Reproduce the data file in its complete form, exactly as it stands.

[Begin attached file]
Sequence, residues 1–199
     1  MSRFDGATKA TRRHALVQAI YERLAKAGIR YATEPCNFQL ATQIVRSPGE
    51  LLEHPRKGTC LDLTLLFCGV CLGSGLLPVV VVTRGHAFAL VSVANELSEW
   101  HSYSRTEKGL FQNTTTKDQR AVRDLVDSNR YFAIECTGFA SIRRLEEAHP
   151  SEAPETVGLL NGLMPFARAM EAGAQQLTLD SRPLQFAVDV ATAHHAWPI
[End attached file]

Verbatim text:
Sequence, residues 1–199
     1  MSRFDGATKA TRRHALVQAI YERLAKAGIR YATEPCNFQL ATQIVRSPGE
    51  LLEHPRKGTC LDLTLLFCGV CLGSGLLPVV VVTRGHAFAL VSVANELSEW
   101  HSYSRTEKGL FQNTTTKDQR AVRDLVDSNR YFAIECTGFA SIRRLEEAHP
   151  SEAPETVGLL NGLMPFARAM EAGAQQLTLD SRPLQFAVDV ATAHHAWPI